• As a further expression of confidence, GE committed to keeping its dividend intact at $1.24 per share through at least 2009.

So what's in the GE box? Oh, just one of the mightiest industrial conglomerates on the globe, selling for a P/E of about 7, even though core operations keep growing in the double digits.

Anything else?
Well, there's the little matter of the 7.9% dividend. And don't forget, as good as GE looks under GAAP, it's actually more profitable when you peel back the income statement and take a gander at the cash flow statement. There, you'll find that whereas GE is "earning" $20 billion a year, it's generating more than $28 billion in free cash flow.

Basically, GE's in fine financial fettle as is. But what about growth prospects? Analysts will tell you that the company can grow its earnings at better than 10% per year over the next half-decade. But GE might do even better. Consider a few of the growth industries it's involved in today:

  • Water: Drink much? GE is No. 2 in water treatment -- not a bad business to be in, in a world of melting ice caps and disappearing snowcaps.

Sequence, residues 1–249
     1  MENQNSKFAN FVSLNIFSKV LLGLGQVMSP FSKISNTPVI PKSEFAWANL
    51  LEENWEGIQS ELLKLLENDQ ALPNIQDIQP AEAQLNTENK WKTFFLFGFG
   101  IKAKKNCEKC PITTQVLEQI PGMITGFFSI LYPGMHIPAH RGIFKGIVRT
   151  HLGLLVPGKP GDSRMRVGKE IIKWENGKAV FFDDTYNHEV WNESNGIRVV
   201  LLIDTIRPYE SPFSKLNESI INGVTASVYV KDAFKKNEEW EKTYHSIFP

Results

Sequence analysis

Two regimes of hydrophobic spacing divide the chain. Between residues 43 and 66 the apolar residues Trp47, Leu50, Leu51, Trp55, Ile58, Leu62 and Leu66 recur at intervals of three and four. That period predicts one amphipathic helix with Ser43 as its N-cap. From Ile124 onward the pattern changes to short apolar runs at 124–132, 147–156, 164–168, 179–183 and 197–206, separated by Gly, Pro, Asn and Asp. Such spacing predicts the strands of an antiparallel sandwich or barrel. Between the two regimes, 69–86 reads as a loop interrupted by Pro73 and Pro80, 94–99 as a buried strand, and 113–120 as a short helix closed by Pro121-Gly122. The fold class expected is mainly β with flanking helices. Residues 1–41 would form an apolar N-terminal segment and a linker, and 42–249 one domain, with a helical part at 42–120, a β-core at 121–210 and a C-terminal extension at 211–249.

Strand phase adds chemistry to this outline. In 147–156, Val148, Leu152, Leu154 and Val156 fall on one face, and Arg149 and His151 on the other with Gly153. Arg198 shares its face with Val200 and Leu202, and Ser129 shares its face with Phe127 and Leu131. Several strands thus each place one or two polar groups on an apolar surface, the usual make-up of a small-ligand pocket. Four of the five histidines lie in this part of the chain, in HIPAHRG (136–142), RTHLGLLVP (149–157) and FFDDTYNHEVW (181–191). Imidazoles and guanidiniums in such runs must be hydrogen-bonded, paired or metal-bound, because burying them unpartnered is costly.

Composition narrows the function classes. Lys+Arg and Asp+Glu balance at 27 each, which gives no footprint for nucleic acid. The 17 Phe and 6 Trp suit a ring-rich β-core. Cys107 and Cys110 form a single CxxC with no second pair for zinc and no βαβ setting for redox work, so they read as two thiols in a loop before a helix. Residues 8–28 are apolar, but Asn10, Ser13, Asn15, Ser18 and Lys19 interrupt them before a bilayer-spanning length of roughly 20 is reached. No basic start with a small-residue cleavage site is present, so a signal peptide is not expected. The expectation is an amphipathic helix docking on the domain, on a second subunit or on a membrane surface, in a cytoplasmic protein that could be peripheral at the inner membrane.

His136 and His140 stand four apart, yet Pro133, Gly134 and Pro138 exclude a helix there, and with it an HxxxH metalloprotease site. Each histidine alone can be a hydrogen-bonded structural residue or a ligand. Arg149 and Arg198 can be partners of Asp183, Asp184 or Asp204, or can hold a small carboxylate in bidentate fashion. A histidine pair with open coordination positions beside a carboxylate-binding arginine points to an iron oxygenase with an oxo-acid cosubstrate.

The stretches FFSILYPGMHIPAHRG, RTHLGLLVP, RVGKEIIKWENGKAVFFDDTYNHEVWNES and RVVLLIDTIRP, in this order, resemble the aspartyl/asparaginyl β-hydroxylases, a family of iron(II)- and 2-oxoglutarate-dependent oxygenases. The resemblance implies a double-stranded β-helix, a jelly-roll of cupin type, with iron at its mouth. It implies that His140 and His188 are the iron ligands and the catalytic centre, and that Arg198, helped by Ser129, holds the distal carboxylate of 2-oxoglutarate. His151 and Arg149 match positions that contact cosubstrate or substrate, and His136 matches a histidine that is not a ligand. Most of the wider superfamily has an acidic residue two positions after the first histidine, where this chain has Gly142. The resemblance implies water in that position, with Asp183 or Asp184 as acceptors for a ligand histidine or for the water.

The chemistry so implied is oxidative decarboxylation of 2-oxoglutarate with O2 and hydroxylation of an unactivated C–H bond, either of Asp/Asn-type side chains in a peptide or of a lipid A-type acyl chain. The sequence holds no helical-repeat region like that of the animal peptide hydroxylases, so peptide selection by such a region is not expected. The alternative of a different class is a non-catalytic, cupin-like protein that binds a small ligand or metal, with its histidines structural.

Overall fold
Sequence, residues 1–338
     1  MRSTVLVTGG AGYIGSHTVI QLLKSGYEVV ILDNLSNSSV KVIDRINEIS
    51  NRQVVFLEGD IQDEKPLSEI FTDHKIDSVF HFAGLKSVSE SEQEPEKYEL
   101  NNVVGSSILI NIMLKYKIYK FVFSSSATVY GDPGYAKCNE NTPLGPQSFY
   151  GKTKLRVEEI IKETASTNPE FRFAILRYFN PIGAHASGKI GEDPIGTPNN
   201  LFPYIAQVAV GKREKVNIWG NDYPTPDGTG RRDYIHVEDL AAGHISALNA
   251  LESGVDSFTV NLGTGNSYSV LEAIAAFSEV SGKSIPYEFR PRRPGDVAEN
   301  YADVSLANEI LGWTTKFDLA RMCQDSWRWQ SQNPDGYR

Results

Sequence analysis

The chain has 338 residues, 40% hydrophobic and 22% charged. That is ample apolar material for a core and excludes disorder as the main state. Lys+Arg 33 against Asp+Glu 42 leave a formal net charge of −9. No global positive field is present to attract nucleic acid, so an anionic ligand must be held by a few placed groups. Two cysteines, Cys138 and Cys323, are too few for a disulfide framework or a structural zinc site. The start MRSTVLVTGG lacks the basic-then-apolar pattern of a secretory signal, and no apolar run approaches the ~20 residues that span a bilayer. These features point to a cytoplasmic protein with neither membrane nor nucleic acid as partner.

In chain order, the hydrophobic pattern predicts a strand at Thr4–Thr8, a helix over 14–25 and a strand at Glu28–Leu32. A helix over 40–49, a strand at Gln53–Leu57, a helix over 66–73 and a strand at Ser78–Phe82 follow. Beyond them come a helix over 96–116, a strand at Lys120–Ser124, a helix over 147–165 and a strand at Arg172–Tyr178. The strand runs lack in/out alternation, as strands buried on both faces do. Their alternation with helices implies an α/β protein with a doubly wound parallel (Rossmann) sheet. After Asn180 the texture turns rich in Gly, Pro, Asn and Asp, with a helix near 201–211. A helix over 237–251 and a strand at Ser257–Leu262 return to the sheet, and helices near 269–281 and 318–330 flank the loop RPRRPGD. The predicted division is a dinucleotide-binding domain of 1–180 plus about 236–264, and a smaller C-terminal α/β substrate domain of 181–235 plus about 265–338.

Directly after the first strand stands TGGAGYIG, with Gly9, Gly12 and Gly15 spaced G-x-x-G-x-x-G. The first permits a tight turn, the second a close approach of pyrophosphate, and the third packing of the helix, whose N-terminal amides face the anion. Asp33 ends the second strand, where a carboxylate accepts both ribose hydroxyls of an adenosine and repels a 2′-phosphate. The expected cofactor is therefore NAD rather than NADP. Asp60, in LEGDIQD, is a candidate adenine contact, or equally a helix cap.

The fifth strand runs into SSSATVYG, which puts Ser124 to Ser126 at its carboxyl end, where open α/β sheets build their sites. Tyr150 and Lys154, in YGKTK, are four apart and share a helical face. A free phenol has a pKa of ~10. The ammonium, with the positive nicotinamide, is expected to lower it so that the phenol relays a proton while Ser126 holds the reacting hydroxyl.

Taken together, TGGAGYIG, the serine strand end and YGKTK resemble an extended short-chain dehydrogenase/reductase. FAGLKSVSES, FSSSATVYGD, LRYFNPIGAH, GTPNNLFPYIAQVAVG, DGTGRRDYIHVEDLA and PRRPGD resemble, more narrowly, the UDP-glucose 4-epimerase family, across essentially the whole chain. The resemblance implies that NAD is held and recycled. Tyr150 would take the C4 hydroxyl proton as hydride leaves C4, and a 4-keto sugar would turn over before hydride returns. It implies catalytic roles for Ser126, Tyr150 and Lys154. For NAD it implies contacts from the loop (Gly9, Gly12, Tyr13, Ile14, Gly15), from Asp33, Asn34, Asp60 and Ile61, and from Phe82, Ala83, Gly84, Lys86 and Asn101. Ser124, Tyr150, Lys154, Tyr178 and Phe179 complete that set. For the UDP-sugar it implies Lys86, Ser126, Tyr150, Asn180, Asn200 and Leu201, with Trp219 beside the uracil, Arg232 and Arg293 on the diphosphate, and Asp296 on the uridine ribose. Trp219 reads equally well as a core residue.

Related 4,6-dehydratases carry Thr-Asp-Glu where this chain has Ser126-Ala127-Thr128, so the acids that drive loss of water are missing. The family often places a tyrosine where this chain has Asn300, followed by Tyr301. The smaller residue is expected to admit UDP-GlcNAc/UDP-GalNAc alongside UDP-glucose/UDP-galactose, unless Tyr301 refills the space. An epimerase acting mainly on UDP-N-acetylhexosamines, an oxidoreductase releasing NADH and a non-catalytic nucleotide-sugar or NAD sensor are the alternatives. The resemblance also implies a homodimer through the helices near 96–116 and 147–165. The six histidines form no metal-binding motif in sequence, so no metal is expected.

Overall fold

• Nuclear: Drive much? The recession's got oil prices down today, but if you think they're staying down long, I've got a primo oilfield in Pennsylvania I'd like to sell you. Electric cars are coming, and GE knows how to build the nuclear power plants to charge 'em.
  • Wind: Chernobyl got you nervous? Perhaps I could interest you in some wind power. GE's the nation's largest vendor of wind turbines.

In sum, GE gives you a chance to own one of the world's mightiest companies at one of the market's lowest valuations. To lock in a simply incredible dividend yield. To own a stake in the technologies that will solve global warming and the energy crisis. All in one neat package.

Has Christmas come early, or what?

Is GE a gift-wrapped present, or a lump of coal? Rate GE on Motley Fool CAPS, and tell us what you think.

Johnson & Johnson is a Motley Fool Income Investor selection. Wal-Mart Stores and Microsoft are Motley Fool Inside Value recommendations. Try any of our Foolish newsletters today, free for 30 days.